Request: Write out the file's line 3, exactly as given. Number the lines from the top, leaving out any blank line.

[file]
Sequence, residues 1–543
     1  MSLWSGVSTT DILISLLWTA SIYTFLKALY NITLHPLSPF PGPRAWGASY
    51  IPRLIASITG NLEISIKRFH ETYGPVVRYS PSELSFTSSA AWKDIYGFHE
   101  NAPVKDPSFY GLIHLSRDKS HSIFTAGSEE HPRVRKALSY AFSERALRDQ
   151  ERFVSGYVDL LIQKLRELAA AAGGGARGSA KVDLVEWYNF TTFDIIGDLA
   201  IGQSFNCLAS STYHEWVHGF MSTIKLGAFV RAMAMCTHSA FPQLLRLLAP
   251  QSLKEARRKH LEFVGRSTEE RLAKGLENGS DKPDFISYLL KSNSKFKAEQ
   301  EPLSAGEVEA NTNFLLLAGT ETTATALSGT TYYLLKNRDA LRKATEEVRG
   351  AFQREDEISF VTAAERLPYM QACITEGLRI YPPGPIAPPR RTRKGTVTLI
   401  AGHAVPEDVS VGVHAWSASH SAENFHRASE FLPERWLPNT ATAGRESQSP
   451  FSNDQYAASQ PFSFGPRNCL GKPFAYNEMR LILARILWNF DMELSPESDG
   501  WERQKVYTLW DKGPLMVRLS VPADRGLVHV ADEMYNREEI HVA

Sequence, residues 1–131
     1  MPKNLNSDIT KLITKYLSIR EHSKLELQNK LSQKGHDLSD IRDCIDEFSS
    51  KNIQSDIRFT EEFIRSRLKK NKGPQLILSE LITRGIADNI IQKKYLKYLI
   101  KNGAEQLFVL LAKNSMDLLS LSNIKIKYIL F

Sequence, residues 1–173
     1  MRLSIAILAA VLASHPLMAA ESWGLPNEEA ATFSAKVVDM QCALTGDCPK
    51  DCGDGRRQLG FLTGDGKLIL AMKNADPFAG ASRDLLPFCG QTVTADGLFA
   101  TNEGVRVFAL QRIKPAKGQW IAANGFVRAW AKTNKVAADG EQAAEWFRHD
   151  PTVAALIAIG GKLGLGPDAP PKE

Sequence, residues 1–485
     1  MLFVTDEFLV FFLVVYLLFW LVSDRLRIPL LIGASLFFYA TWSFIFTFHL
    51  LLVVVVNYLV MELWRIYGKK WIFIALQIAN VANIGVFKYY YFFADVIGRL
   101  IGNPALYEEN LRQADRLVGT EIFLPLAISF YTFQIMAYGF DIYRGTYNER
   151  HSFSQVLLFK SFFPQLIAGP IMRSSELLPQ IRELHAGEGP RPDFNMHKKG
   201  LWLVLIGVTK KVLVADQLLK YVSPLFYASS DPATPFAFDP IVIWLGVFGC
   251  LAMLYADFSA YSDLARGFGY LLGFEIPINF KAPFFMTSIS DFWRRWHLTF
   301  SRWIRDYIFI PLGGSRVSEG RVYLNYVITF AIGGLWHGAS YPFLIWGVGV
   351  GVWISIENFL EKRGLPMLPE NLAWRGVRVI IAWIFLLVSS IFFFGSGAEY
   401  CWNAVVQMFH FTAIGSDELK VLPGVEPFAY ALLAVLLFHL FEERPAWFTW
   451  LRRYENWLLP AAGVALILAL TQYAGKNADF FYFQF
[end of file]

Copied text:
    51  IPRLIASITG NLEISIKRFH ETYGPVVRYS PSELSFTSSA AWKDIYGFHE